Please do reach out if you have any questions for our alumni. Thank you, James Wilson, for sharing your story.

Alumni Spotlight is an outreach activity through the Great Lakes JET Alumni Association seeking to build stronger connections between alumni and to provide bridges for networking. If you or an alumnus you know would like to be featured in an installment of Alumni Spotlight, please email Kyle Belanger at .

February 2022: Robert Corder

Kurume Beach Trip 2006

Our guest today is Robert Corder, who works in economic development and is on the Board of Directors for GLJETAA. He was a JET in Fukuoka. Read on to hear about 7 places he’s lived, his career, and advice for life after JET.

Where are you from in Michigan or Ohio?

Currently living in Battle Creek, Michigan. Born in Virginia, just outside Washington, DC. Moved to Springfield, Ohio when I was 5. Family moved to Portage, Michigan (just next to Kalamazoo) when I was 10. Went to college in Washington, DC, which included a study abroad in Shiga through Lansing Community College. Was in DC for about 10 years before JET. After JET, moved to Chicago and was there for almost 10 years. Moved to Battle Creek in 2017 for my current job.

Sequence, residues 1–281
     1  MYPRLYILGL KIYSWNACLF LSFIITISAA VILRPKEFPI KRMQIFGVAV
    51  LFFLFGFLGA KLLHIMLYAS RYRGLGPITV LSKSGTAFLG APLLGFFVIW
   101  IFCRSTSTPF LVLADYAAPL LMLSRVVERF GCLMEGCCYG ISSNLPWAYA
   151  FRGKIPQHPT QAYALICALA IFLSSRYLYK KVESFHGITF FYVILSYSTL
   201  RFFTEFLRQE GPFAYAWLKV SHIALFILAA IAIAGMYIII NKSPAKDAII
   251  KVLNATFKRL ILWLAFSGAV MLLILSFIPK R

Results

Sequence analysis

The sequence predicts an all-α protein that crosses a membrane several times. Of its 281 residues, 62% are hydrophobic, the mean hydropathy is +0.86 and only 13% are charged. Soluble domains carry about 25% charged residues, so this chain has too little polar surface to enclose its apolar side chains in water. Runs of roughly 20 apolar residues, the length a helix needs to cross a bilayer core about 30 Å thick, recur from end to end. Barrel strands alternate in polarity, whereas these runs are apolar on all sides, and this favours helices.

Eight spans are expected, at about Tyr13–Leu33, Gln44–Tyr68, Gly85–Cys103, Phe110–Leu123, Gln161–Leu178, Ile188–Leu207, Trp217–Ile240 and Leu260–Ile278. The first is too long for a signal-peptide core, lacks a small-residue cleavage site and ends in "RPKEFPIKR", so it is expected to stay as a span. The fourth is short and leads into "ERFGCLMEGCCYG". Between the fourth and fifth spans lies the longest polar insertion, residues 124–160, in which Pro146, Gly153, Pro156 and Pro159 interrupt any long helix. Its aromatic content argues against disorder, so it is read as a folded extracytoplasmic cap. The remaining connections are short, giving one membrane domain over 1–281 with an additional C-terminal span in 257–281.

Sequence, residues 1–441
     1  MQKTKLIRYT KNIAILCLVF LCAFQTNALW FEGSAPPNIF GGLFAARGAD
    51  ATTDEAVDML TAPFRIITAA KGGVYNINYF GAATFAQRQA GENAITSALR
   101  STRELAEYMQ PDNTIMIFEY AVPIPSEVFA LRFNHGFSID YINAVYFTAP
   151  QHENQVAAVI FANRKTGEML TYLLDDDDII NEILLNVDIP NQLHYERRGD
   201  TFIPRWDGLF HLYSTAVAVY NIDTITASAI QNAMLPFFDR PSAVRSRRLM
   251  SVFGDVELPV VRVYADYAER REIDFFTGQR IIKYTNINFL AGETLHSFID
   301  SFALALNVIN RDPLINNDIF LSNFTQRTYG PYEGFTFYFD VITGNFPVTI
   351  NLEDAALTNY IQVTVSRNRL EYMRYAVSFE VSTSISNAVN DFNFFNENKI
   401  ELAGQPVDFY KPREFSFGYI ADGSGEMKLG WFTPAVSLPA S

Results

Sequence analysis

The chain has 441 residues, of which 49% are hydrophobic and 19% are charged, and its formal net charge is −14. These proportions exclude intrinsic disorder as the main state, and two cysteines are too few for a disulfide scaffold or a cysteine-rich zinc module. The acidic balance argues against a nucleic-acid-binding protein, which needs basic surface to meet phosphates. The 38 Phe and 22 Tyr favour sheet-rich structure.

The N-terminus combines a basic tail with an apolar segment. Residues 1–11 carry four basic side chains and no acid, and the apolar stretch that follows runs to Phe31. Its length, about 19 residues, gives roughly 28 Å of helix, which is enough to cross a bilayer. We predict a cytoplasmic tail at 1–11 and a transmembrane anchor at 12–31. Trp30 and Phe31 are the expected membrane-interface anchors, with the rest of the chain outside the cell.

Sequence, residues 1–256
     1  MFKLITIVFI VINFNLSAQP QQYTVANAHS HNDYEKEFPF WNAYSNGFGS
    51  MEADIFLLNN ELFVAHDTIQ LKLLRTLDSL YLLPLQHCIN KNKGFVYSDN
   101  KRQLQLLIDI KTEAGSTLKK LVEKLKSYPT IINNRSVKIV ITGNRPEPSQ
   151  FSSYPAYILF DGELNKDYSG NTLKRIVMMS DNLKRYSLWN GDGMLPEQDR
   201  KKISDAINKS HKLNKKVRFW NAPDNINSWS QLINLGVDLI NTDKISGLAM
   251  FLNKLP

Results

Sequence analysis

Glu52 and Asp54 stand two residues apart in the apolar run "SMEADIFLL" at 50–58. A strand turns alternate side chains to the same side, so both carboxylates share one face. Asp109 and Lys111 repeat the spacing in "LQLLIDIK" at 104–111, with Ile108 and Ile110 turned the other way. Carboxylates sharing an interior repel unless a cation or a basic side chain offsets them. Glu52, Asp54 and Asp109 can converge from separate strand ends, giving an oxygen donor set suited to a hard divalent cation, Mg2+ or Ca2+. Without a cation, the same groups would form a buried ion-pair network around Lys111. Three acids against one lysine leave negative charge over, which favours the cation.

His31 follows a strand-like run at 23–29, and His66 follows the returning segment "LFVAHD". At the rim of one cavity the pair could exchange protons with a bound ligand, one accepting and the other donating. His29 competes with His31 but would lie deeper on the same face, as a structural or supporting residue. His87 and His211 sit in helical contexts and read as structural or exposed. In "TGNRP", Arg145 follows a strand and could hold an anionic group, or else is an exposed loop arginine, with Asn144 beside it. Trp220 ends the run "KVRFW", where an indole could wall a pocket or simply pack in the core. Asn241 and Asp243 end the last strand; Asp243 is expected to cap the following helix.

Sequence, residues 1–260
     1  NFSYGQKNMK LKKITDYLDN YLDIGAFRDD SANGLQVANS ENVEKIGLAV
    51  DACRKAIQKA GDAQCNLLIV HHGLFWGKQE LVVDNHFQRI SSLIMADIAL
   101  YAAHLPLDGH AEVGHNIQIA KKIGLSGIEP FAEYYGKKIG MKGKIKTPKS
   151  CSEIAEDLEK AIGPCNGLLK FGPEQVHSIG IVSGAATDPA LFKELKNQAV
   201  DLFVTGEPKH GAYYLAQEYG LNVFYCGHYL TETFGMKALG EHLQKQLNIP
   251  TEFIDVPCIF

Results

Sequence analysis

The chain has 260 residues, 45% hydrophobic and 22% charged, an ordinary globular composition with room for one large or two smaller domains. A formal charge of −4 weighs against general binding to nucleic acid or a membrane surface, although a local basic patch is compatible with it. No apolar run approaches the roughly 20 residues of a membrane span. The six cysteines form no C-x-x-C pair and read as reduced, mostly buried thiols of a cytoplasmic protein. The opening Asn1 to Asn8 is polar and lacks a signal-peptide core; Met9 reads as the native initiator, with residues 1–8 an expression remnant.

Where was your placement, and how long were you there?

Kurume Senior High School, Kurume-shi, Fukuoka-ken; 2003-2006.

What was your school setting like?

It was a high-level academic school with two ALTs. It was the #2 school in town. It had an intensive English course which students took a special placement test to get into. The Eigo-ka students took extra English classes, including debate. So the ALTs did a lot of teaching beyond the typical Oral Communication-1 class for first year students.

What is a memory you have in Japan that sticks out to you?

Being a part of the community and getting to know the people in town. Going to local festivals and getting to experience life in a Kurume not as a tourist. I loved going to the neighborhood onsen, which was like a 5-minute bike ride from my house. I became a regular there and a few other spots around town, like El Sol, a Mexican restaurant that opened up. Those were the places where I met people and became friends.

Grape Cup Speech Contest 2005

What are you doing now?